Posted on July 13, 2016by Hannah Silverstein, MALS ’09
The College has recognized six scholars with endowed chairs.
Every year Dartmouth names a few of its top faculty to endowed professorships, recognizing their scholarship, teaching, and service to the College community as models of Dartmouth’s liberal arts ideal.
This year, six members of the Faculty of Arts & Sciences have been appointed to endowed chairs:
The Kathe Tappe Vernon Professorship in Biography
In my work on the era of the American Civil War, I have long been intrigued with the individual life stories of soldiers, slaves, and national leaders. Being named the Kathe Tappe Vernon Professor in Biography is quite an honor, and I am especially thrilled to follow previous holders, whose work I much admire.
The professorship will provide me the opportunity to be more self-conscious in framing my research and teaching around biographical themes. Over the next couple of years, I plan to complete a study of Confederate vice president Alexander H. Stephens, who was featured not long ago as the most memorable villain of Stephen Spielberg’s movie Lincoln. The book will focus on Stephens’ largely successful attempt to rehabilitate Confederate reputations after defeat, as he returned to sit in Congress for several terms in the 1870s. I highlight in my Civil War class how Stephens transformed himself from a captive awaiting a treason trial to a spokesperson for a lost cause. I’m looking forward to spinning out this story in book-length form.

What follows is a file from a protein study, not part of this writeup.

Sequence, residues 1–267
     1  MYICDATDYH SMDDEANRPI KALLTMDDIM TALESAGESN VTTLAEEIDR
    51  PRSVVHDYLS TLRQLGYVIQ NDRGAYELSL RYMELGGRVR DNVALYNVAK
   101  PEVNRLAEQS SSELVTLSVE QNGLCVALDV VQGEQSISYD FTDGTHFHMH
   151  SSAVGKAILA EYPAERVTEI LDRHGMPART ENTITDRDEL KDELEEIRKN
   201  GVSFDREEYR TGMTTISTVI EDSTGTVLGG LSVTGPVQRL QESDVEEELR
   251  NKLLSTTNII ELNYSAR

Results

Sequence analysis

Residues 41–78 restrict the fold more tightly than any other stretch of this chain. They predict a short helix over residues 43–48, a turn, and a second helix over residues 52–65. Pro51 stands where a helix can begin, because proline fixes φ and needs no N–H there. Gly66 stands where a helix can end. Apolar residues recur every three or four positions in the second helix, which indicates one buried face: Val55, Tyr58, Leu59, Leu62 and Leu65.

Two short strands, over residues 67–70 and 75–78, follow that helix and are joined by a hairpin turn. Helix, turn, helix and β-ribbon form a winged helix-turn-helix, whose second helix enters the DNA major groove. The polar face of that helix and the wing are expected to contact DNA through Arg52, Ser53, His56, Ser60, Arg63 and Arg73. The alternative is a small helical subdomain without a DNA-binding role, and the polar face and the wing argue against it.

The Ralph and Richard Lazarus Professorship in Psychological and Brain Sciences and Human Relations
It’s amazing that the three-pound mass of cells and tissue that we know as the brain gives rise to our behavior, our emotions, and in particular, our memories. I want to understand how that happens. Memory is not only important for survival, but also defines who we are as individual human beings. Sadly, that means that aging and illnesses of the brain that impair memory lead not only to difficulties in daily routines, but also in our recognition and understanding of ourselves and others. My hope is that studying the brain mechanisms that give rise to learning and memory will help us better understand what goes wrong when an individual experiences memory impairments, in hopes of developing new means of intervention and prevention.